Murdoch tells News Corp AGM 'no excuse ' for hacking

Rupert Murdoch Many shareholders are unhappy about Rupert Murdoch's dual role of chief executive and chairman

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News Corp chief executive Rupert Murdoch has told shareholders that there was "simply no excuse" for the phone-hacking scandal.

Speaking at the company's AGM in Los Angeles, he said that News Corp "cannot just be a profitable company, we must be a principled company".

During the meeting Labour MP Tom Watson alleged that some reporters hacked computers as well as telephones.

Mr Murdoch said he would "stop at nothing" to discover if this was true.

During his opening remarks, the News Corp boss said: "We must admit to and confront our mistakes and establish a rigorous and vigorous procedure to put things right.

"There is simply no excuse for such unethical behaviour," he said of the hacking of mobile phones by journalists from the now-defunct News of the World.

"These are real issues that we must confront and are confronting," Mr Murdoch said. "If we hold others to account we must hold ourselves to account."

"I am personally determined to right whatever wrong has been committed and to make sure that it doesn't happen again anywhere in our company," he said.

'Abhorrent'

Shortly before the AGM, held at News Corp's Fox Studios, the company confirmed it would pay £2m to the family of a murdered girl at the heart of the phone-hacking scandal.

In a joint statement with the family of Milly Dowler, Mr Murdoch said he would also personally donate £1m to charities chosen by the family.

It emerged in June someone working for the News of the World accessed Milly's messages after she disappeared in 2002.

"The behaviour that the News of the World exhibited towards the Dowlers was abhorrent and I hope this donation underscores my regret for the company's role in this awful event," Mr Murdoch said.

"I also hope that through the personal donation something positive can be done in memory of their daughter," he said.

Mr Watson, a key figure in exposing the scale of phone hacking, was allowed into the meeting as a proxy shareholder.

He said News Corp still had serious questions to answer about alleged computer hacking and warned that the controversy was far from over for the Murdoch empire.

Scores of angry protesters greeted News Corp shareholders at the company's AGM in Los Angeles.

Mr Murdoch said that board director Viet Dinh would look into the allegation. "I promise you absolutely that we will stop at nothing to get to the bottom of this and put it right," Mr Murdoch told the MP.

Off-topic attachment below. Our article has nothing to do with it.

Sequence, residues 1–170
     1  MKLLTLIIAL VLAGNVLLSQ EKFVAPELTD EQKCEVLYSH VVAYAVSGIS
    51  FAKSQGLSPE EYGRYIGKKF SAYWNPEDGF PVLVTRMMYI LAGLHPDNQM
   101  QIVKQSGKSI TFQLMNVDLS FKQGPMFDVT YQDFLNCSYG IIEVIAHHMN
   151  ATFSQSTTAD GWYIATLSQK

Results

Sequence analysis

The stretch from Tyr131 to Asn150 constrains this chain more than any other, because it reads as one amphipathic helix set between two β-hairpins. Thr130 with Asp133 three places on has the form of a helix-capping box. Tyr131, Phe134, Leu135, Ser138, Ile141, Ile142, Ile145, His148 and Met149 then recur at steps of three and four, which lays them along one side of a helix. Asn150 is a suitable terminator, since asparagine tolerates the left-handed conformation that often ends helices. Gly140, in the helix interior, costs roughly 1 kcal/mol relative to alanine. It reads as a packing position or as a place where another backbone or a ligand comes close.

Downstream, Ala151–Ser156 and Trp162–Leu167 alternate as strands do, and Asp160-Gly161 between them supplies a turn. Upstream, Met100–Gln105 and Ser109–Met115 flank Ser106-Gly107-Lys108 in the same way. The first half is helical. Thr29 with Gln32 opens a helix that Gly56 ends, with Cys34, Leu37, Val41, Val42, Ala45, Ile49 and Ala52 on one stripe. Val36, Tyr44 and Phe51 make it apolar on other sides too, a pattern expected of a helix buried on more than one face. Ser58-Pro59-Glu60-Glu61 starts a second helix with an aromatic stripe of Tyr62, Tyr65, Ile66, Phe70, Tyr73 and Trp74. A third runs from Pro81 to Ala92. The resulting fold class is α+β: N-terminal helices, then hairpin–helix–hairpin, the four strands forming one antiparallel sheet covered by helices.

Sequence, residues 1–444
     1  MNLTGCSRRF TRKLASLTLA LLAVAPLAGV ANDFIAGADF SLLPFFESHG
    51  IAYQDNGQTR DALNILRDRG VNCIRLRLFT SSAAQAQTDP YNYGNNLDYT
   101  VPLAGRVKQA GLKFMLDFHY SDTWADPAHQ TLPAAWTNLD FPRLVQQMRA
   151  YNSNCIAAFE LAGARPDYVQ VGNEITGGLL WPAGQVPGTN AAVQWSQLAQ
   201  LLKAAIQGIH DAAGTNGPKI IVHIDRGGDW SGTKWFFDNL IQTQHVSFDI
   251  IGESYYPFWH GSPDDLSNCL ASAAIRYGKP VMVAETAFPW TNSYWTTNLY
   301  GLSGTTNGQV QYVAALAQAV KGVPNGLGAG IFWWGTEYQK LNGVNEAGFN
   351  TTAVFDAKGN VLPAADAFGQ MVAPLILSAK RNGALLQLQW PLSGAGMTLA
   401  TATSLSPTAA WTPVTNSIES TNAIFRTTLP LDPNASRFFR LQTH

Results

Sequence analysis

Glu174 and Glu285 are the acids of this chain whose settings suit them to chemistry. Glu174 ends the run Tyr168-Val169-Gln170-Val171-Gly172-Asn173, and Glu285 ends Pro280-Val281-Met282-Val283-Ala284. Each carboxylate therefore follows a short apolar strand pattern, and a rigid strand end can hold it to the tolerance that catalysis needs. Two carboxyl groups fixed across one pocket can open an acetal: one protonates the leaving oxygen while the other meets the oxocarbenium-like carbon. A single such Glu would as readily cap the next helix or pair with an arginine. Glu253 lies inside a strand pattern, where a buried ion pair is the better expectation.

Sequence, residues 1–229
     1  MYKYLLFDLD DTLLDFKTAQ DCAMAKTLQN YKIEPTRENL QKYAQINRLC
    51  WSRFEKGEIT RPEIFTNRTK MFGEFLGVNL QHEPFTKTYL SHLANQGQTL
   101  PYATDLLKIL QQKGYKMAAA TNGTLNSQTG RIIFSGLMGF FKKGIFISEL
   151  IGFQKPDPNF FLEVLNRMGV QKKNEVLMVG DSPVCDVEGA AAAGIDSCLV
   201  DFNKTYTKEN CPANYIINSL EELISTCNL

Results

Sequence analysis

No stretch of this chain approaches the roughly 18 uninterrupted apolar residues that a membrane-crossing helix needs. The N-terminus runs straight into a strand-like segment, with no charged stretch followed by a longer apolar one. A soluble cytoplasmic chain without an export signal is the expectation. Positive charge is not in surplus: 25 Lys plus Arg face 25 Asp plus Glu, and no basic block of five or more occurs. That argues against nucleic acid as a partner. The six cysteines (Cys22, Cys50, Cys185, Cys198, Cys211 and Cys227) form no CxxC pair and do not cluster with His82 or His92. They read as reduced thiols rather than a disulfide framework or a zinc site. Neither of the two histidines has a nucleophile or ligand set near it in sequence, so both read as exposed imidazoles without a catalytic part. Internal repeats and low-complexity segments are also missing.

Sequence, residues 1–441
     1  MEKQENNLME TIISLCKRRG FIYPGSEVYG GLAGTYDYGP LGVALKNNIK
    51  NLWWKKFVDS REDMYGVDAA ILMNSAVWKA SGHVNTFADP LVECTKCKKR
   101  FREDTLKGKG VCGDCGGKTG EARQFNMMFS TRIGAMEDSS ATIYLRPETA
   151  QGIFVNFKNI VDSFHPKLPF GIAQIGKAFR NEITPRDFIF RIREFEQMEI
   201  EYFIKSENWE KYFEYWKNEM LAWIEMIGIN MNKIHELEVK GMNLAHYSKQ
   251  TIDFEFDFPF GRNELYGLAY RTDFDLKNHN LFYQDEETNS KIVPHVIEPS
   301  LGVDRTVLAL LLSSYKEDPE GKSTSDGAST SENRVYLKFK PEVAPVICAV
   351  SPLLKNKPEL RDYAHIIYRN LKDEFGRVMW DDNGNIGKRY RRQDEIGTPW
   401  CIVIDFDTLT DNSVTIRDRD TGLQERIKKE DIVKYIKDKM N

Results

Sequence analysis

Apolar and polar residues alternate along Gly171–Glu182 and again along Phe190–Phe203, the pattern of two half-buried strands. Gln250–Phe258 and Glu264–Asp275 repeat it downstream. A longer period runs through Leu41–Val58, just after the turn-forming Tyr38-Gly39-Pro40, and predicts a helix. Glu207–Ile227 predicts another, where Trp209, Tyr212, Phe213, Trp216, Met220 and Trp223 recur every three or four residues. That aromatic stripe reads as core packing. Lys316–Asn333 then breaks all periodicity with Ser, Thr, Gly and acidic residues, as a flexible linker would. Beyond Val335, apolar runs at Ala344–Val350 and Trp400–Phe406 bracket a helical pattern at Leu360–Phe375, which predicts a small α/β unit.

Mr Watson noted with irony that a large graphic behind the board of directors showed the Duke and Duchess of Cambridge, both of whom are alleged victims of phone hacking.

Several shareholders took issue with a chart News Corp had put up showing the share price's upbeat performance compared with most other media peers since the beginning of the year.

They said its performance over 10 years or more lagged its peers.

Murdoch said the chart was to address criticism that the company had been hurt by the phone-hacking scandal, which had forced the company to close the News of the World newspaper and abandon its bid to buy the 61% of broadcaster BSkyB it does not already own.

Shares in News Corp fell sharply after it emerged in July that the News of the World had hacked the voicemails of Milly Dowler.

But the shares have since recovered and are now trading up about 6% over the past year.

Eroded trust

Before the meeting, some shareholders had called for several directors - including Rupert Murdoch and his two sons - to step aside.

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One small shareholder, Christian Brothers Investment Services (CBIS), tabled a resolution to separate the roles of chairman and chief executive, positions currently held by Rupert Murdoch, and instead replace them with an independent chairman.

Julie Tanner, director of socially responsible investing at CBIS, told the BBC that many shareholders were worried.

"Right now the company is in the crosshairs of regulators, lawmakers [and] law enforcement, and it's really eroded public trust in the brand."

The motion to separate the two roles was rejected by the board and all directors who were standing for election, including James and Lachlan Murdoch, were elected.

'Unfair' voting system

Calpers, one of the world's biggest investors, had previously said it would vote against the re-election of the Murdoch family to the News Corp board. However, there was a slim chance of the Murdochs failing to be elected due to the two-tier voting system the company has.

Only 30% of the shares have voting rights - and 40% of these are owned by the Murdoch family.

The remaining 70% of shares, known as A shares, are owned by investors unrelated to the Murdochs and have no voting rights.

Many shareholders, including the Local Authority Pension Fund Forum, have expressed their unhappiness with the system.

"We have concerns about governance models that are flawed, and News Corp has one at the moment," said councillor Ian Greenwood, chairman of the Fund Forum.

"It has a joint chairman and chief executive in Rupert Murdoch and it has a voting pattern that is not fair, where a group that owns 12% of the shares gets 40% of the votes.

"Both of those are unacceptable."

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